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106 retirees collect $100k or more in state worker retirement benefits

Arthur M. Pappas, a University of Massachusetts Medical School doctor, retired a decade ago with a pension of more than $230,000. Arthur M. Pappas, a University of Massachusetts Medical School doctor, retired a decade ago with a pension of more than $230,000.
By Matt Carroll
Globe Staff / March 22, 2009
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The number of state retirees who take home pensions of $100,000 or more has more than tripled over the past five years, adding to the pension system's financial stress.

One hundred six retirees, or their survivors, are paid six-figure pensions, up from 33 in 2003, according to state figures. The list is dominated by university and college officials and professors, doctors, and high-ranking State Police officers.

Topping the list are two University of Massachusetts Medical School doctors, Arthur M. Pappas, the former Red Sox medical director who retired a decade ago with a pension of more than $230,000, and Aldo Rossini, who receives slightly more than $200,000.

Third, at just under $200,000, is William M. Bulger, the former president of the University of Massachusetts and onetime state Senate president, who won a legal battle in 2006 to boost his pension an extra $17,000 by counting his university housing allowance.

More than 600 take home $75,000 or more.

The list includes more than 45 people from the UMass system, most from Amherst, more than 25 State Police officers, and 15 from UMass Medical School. A small portion, about 1 in every 500 retirees of the 50,000 in the system, take home more than $100,000, but critics say the increase in high pensions and the various abuses reported recently fuel public outrage.

"It is way out of line with reality," said David G. Tuerck, executive director of the Beacon Hill Institute at Suffolk University, a think tank on economic issues.

Pensions for UMass and UMass Medical School officials have escalated as a result of higher salaries paid because of competitive reasons during the 1980s and 1990s, said UMass spokesman Robert Connolly. The size of a state pension is determined partly by the average salary an employee earns over his or her last three years on the job.

The system conducted salary and peer analysis of other systems, he said. The idea was "attract and retain good people," he said.

Connolly pointed out that the pensions of UMass Medical retirees are 85 percent funded by contributions generated by the medical school, and do not come from the state, unlike other state workers.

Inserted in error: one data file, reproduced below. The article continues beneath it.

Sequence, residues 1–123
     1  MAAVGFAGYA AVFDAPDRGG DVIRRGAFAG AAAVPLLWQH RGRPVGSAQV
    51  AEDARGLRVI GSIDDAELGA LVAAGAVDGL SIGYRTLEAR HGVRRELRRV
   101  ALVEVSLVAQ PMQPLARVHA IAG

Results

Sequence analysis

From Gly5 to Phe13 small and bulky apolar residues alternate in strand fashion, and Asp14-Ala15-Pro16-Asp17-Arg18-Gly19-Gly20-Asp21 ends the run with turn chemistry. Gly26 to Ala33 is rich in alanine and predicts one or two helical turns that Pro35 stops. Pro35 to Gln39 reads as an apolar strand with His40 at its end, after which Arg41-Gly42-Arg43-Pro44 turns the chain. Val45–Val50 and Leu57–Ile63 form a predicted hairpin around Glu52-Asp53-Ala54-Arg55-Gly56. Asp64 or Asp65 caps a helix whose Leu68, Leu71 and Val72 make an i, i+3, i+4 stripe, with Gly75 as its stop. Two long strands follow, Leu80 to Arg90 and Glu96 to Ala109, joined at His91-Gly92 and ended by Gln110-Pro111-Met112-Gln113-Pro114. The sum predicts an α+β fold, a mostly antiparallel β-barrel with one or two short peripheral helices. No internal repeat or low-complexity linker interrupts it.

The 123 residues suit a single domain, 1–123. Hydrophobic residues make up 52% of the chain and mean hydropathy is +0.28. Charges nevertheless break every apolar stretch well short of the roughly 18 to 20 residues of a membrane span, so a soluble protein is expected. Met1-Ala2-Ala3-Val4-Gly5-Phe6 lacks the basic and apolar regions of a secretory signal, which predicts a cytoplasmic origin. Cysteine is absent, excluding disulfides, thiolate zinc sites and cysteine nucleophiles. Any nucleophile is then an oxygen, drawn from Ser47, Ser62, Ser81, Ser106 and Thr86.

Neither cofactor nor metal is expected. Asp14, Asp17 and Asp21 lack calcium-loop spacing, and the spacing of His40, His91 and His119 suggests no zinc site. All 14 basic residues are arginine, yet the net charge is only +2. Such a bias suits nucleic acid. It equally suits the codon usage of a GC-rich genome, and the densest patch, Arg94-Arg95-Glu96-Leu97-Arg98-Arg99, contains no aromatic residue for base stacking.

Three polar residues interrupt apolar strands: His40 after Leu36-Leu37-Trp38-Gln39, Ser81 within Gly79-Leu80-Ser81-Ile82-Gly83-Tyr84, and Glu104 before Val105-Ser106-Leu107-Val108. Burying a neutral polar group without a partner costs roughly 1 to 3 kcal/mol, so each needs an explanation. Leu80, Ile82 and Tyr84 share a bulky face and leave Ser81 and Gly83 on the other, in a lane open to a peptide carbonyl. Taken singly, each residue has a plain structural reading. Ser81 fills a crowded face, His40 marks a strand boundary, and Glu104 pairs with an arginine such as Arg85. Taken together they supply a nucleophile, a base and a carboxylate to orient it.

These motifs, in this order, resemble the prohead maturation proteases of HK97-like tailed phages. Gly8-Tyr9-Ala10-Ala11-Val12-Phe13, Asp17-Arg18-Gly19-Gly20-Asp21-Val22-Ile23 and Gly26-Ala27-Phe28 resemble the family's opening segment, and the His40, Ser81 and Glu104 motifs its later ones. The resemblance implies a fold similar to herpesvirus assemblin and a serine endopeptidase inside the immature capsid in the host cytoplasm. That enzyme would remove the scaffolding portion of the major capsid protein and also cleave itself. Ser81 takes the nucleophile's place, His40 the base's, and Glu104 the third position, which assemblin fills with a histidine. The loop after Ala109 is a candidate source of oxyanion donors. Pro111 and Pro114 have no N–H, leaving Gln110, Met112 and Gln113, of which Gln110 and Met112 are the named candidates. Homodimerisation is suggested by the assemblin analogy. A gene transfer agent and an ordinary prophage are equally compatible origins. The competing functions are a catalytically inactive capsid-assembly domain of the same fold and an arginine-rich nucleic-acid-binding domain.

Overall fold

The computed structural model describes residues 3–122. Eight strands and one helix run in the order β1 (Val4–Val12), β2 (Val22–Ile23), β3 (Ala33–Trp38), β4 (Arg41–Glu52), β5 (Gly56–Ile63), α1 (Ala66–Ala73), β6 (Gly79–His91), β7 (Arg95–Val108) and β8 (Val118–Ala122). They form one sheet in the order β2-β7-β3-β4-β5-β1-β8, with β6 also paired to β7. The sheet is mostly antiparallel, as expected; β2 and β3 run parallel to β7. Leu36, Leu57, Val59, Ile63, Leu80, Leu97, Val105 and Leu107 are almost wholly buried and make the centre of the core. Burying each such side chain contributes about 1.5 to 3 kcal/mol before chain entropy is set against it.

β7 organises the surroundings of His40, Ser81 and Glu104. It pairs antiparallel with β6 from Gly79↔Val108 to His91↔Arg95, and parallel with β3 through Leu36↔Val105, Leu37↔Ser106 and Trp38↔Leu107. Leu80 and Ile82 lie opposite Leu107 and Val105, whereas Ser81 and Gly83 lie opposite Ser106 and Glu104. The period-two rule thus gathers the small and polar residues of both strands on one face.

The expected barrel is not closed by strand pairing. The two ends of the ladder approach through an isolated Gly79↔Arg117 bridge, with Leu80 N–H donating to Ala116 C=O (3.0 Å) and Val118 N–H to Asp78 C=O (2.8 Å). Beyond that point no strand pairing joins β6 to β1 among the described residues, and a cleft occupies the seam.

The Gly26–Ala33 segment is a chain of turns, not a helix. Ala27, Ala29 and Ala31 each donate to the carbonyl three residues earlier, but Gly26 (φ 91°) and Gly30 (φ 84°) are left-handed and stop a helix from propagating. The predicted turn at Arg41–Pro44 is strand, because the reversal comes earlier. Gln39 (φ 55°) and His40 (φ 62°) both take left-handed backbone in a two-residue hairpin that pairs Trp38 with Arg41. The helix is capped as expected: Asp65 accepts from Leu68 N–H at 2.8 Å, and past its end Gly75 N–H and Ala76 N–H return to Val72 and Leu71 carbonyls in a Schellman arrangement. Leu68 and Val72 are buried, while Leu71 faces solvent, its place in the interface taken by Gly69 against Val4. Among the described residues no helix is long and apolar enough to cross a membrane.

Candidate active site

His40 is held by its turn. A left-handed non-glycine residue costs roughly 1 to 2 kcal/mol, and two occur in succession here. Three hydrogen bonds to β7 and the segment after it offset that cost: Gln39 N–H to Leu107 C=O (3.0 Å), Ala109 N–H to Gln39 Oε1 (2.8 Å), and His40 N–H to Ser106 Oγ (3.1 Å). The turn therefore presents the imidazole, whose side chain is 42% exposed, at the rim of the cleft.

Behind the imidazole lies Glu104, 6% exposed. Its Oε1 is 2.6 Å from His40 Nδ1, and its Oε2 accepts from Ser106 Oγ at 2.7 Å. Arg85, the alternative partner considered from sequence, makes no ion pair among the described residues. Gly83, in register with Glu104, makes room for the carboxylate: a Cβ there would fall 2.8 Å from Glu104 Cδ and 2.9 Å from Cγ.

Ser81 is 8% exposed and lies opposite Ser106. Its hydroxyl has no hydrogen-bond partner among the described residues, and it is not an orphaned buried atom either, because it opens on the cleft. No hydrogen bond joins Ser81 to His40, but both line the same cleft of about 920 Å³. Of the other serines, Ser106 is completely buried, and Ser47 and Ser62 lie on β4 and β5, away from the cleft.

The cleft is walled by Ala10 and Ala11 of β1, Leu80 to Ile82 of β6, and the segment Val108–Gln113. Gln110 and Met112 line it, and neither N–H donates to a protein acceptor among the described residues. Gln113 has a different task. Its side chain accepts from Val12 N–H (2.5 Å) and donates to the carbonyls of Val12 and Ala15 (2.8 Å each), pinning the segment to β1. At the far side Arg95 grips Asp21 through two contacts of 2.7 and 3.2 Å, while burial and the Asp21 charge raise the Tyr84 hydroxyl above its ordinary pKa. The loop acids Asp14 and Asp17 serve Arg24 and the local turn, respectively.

The average state pension is about $24,000; state workers do not receive a Social Security benefit for their work in the state system. Nationally, the median annual private pension in 2006 was about $7,200, according to an Urban Institute study, plus Social Security. The average Social Security benefit is about $13,000.

The state pension system had major investment losses in the market meltdown last year, dropping from a 2007 peak of $53 billion to about $38 billion.

Stung by recent reports of pension abuse, a 15-member panel, made up of retirement officials, legislators, and outsiders, is gearing up to recommend reforms.

The panel is known as the Blue Ribbon Panel on the Massachusetts Contributory Retirement Systems.

The blue ribbon committee's goal "is to make the system more financially viable," said Alicia Munnell, chairwoman and a professor at the Center for Retirement Research at Boston College. The report is due by July.

One state retiree, Richard Farris, who receives a pension of about $176,000, said he is as upset about abuses as everyone else, but that he did nothing wrong.

The 72-year-old professor, who worked for nearly 30 years before retiring in 2002 as head of the Polymer Science and Engineering Department at UMass-Amherst, said he took only what was offered and worked hard to get what he is given.

"I'm happy to receive it and I hope people don't resent it," said the Korean War veteran. "You play the game by the rules that are there and if they want to change the rules in the future, that's something to consider."

State workers receive what are known as defined benefit plans, which have rapidly lost popularity among private sector employers because of their expense.

In a defined benefit plan, the benefits to the retiree, such as monthly payments and healthcare costs, are often locked in for life, no matter how costs change later.

Nationally, the percent of private sector workers receiving defined benefit plans has plummeted, from 39 percent to 20 percent between 1980 and 2007, while more than 85 percent of public employees receive them.

Matt Carroll can be reached at mcarroll@globe.com.

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